My car was showing spanner light, took it in for diagnostic, had glow plugs it air dry) car still showing P0683 which means glow plug,general fault so a. P0683 is a generic code for glow plug module encountering a communication circuit error, and can be detected by the PCM or the control modules for the. P1635 - Glow Device Circuit General Error Is this more than likely going to be the glow plugs? or could it actually be a wiring fault?
Glow device general error - agree, useful
What are the symptoms of a defective glow plug control module?
A diesel engine has one glow plug control module which controls the glow plugs. This means that you might not notice when a single glow plug goes bad as this only affects one cylinder in your engine. However, if two of three go bad or the control module itself malfunctions, you’ll quickly find it difficult to start the engine. In addition to watching out for the glow plug light on your dashboard, here are some common symptoms of a defective glow plug or glow plug control module:
- White exhaust smoke – a defective glow plug will cause diesel to leak into the exhaust where it burns.
- Hard to start – this could mean the engine is slow to start in warm weather or fails to start in cold weather. However, this can also be a symptom of a problem in the fuel system or battery.
- Poor engine power – after a difficult start, bad glow plugs will make it difficult for your car to run properly, due to improper combustion which reduces power and efficiency.
How can you test your glow plug control module?
First things first, is it a problem with your glow plugs or your glow plug control module?
The easiest is to check your glow plugs before testing your glow plug control module.
To test your glow plugs, simply connect a 12-volt test light to the positive battery terminal. Then disconnect the wires from each of your glow plugs and touch the probe of the test light to the terminal of the glow plug itself (not the wiring harness). If the light doesn’t light up, the glow plug is bad and should be replaced.
Easier is to use a professional glow plug tester device.
There is some discussion about whether you should only replace the glow plugs that have gone bad, or if it is best to replace them all. As one glow plug going bad could be a sign that the others will shortly follow, some experts recommend replacing them all at the same time while others suggest keeping a close eye on the remaining glow plugs.
If your glow plugs are all working correctly, move onto your glow plug control module. Start by checking the battery voltage to the glow plug control module, a voltage drop of over a half volt (or more) means your control module should be replaced.
How to choose the right glow plug control module?
As glow plugs and glow plugs control modules don’t come in a one-size-fits-all format, it is important to select the correct type for your car and the type of fuel that you use. Additionally, using premium components is recommended, as a low-quality part can cause expensive consequences for your engine. For example, a swollen glow plug constructed from sub-par materials would either be impossible to remove later or the tip would break off in the cylinder, causing damage to the cylinder, valve and head.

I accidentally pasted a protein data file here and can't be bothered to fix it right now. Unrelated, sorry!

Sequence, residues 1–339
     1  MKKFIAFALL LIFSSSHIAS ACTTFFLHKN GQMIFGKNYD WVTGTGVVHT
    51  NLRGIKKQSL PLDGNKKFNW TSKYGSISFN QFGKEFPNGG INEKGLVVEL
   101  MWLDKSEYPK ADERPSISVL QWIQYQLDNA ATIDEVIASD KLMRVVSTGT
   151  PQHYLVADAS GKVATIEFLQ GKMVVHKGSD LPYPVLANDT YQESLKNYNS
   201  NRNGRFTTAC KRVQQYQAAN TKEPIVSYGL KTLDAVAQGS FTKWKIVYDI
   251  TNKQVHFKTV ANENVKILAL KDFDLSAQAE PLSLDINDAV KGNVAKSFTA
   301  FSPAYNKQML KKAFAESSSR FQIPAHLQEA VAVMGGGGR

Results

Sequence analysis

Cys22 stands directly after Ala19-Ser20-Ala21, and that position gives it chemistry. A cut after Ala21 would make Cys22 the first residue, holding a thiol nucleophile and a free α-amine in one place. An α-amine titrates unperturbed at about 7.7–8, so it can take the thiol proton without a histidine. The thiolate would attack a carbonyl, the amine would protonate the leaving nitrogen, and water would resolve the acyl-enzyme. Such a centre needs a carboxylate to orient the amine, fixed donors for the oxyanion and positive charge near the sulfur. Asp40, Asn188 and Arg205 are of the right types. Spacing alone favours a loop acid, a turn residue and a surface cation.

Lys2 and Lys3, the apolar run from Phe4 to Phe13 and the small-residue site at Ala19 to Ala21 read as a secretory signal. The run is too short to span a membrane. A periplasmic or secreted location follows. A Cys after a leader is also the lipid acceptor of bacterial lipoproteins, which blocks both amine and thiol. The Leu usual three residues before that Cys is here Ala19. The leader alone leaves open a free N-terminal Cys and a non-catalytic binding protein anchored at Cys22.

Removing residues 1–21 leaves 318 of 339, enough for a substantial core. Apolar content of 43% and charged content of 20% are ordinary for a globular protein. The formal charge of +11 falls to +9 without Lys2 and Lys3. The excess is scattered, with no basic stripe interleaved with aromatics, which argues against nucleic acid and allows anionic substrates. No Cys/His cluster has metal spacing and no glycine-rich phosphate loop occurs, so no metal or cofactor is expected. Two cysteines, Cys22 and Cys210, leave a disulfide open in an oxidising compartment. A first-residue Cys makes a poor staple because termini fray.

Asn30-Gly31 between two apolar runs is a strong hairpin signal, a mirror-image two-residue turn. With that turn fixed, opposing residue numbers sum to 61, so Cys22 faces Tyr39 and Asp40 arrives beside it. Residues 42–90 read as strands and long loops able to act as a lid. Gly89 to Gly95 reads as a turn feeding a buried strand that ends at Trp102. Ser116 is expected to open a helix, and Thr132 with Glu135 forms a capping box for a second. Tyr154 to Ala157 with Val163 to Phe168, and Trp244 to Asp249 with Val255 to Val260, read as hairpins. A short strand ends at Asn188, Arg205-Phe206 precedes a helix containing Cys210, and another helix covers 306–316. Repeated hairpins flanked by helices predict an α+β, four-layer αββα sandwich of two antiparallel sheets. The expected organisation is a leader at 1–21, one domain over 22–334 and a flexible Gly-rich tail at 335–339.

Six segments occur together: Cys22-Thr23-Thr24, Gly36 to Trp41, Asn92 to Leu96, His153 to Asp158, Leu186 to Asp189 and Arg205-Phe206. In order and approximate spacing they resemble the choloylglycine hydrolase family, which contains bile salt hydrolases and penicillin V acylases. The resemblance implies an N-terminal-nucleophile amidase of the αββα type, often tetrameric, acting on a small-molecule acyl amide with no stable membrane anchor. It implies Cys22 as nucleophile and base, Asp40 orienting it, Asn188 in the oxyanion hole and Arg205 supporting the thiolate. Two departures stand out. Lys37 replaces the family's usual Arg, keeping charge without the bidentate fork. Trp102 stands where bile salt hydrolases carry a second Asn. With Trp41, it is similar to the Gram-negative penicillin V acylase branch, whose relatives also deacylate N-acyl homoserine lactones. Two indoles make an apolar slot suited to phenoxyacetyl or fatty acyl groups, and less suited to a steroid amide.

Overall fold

P0683 code definition
The P0683 code indicates that a diesel powered engine has an issue with the glow plug module communication circuit, which has been detected by the powertrain control module or another control module associated with the PCM.
What the P0683 code means
P0683 is a generic code for glow plug module encountering a communication circuit error, and can be detected by the PCM or the control modules for the transmission, ABS, instrument panel, body, turbo, anti-theft, cruise control, climate control, proximity alert, or traction control modules.
What causes the P0683 code?
Typically, this code is caused by:
- Defective glow plug control module
- Flaw in electrical connection
- Wiring or connectors in the CAN bus harness that are open, shorted or corroded
- A faulty driver in the PCM
- Loose control module grounding strap or broken grounding wire
- Defective CAN bus circuits
What are the symptoms of the P0683 code?
Usually, a P0683 code is preceded by the check engine light, though it can take up to eight cycles before it illuminates. The driver may complain of stalling, poor acceleration, white smoke from the exhaust, and a marked decrease in the vehicle's fuel efficiency.
How does a mechanic diagnose the P0683 code?
Diagnosing the P0683 has to begin with the CAN and the use of a Tech II or Authohex may be required for faster and more accurate diagnosis within this complex cluster of wires and harnesses. The memory within the PCM should be saved before beginning to eliminate the need to reprogram after repairs are done.